Log in to any news site on any given day looking for economic news about the coronavirus, and you may feel steamrolled by the quantity of material to read, and the speed with which new, and occasionally contradictory, material keeps coming. March reporting in the New York Times covered aspects such as President Donald Trump’s willingness to provide assistance to the shale oil industry, banks’ requests for regulatory rollbacks, large corporations’ demands for bailouts, and the unprecedented implications for the housing market, as well as the nearly daily updates from the Federal Reserve about increasingly novel strategies for providing liquidity to banks, corporations, small businesses and international institutions.
The editorial boards of both the New York Times (4/9/20) and the Financial Times (4/3/20) have published pieces invoking the spirit of FDR’s response to the Great Depression and William Beveridge’s Full Employment in a Free Society, and decrying the potential destruction of the social contract that would surely attend a failure to respond adequately to the challenges of the current pandemic. Even the Wall Street Journal’s editorial board is arguing on behalf of bailouts for small businesses alongside big banks (4/9/20), and cheering monetary agreements in the Eurozone that will continue to sustain the EU for the time being (4/10/20).
This is a selective reading, of course. The Wall Street Journal’s editorial board (4/12/20) also argues against New York’s “blowout budget” as tens of thousands die from the coronavirus; the Financial Times fails to acknowledge its antagonism to Jeremy Corbyn’s worker-oriented proposals last fall (11/15/19); and the New York Times still gives column space to Bret Stephens, who recently argued (4/10/20) that the real problem with the government’s reaction to the pandemic is its not making way for business to respond quickly.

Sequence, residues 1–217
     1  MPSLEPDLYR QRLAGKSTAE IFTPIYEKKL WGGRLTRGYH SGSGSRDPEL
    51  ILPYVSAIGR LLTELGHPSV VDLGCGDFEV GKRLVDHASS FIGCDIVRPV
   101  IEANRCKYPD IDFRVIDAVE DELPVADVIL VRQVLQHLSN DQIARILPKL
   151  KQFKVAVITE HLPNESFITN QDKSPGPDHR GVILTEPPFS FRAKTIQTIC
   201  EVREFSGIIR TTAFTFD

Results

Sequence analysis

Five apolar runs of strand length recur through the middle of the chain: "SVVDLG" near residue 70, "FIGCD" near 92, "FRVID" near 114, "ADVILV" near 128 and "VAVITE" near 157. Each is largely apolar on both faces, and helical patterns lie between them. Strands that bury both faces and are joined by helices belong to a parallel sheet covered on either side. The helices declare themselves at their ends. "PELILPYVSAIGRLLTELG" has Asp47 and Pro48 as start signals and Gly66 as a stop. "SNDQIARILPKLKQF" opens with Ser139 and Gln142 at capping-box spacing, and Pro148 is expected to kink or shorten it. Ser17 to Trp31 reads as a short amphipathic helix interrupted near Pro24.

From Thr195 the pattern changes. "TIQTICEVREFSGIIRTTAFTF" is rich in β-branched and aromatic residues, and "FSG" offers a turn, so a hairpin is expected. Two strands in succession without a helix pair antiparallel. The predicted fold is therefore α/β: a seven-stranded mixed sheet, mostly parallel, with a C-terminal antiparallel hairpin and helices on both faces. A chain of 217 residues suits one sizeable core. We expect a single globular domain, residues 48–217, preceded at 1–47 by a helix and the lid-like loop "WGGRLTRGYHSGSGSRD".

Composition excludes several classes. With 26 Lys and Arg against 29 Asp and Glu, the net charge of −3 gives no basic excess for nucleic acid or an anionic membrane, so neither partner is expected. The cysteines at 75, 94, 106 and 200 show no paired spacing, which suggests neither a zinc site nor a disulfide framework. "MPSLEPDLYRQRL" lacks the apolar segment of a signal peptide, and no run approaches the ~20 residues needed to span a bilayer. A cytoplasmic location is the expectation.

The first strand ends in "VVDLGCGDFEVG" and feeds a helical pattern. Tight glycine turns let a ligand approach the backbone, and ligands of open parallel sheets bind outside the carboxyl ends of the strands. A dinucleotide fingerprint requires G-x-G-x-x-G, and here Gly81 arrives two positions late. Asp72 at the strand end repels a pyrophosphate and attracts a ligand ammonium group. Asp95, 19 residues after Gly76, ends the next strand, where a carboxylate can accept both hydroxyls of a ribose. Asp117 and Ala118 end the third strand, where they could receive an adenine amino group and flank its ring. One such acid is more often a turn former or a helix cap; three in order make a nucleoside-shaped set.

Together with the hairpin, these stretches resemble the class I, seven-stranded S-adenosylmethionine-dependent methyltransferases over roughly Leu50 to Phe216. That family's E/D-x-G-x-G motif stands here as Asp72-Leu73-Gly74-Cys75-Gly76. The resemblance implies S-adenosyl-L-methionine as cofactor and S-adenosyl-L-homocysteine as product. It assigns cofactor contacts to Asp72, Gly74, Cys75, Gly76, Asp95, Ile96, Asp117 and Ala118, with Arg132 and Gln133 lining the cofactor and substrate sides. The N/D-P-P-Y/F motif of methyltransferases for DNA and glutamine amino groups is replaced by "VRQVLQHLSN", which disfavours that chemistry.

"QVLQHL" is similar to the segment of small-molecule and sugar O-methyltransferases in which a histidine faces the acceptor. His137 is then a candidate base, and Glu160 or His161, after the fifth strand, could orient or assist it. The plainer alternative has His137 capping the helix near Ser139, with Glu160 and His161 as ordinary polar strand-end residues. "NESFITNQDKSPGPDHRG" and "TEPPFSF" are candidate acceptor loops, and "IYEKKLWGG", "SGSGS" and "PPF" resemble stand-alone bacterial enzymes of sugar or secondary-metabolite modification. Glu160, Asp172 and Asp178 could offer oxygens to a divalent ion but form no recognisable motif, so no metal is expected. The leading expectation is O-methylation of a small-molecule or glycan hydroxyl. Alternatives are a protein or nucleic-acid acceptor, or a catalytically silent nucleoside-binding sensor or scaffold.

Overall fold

Yet the editorial boards of these publications (Wall Street Journal excluded) seem to be thinking in this moment about recovery-oriented policies in ways that are novel. The New York Times (4/9/20) hearkens back to FDR’s “Four Freedoms” speech and his argument that Americans deserve economic freedom, and government ought to use its authority to promote it; the Financial Times is arguing both for greater issuance of Special Drawing Rights (SDRs) to emerging markets, to provide them necessary liquidity to respond to multiple facets of the crisis (4/12/20), as well as for social benefits that adequately compensate households and firms for the economic sacrifices that virus containment demands of them (4/3/20).
While we may allow for some progress in overall reporting on the social and economic needs in responding to an unprecedented medical, social and economic challenge, editorial boards and journalists for these and other publications should frame economic and public health problems in more structural and systemic terms going forward as they consider the scope of the pandemic.
Broadly, the coronavirus pandemic has illuminated the failures of capitalist and market systems to provide for social welfare. Farmers unable to sell produce they expected to sell to their normal customers absent a pandemic are destroying vegetables, breaking eggs and dumping milk (New York Times, 4/11/20); at the same time, passengers in thousands of cars wait hours to receive aid from foodbanks (Houston Chronicle, 4/10/20).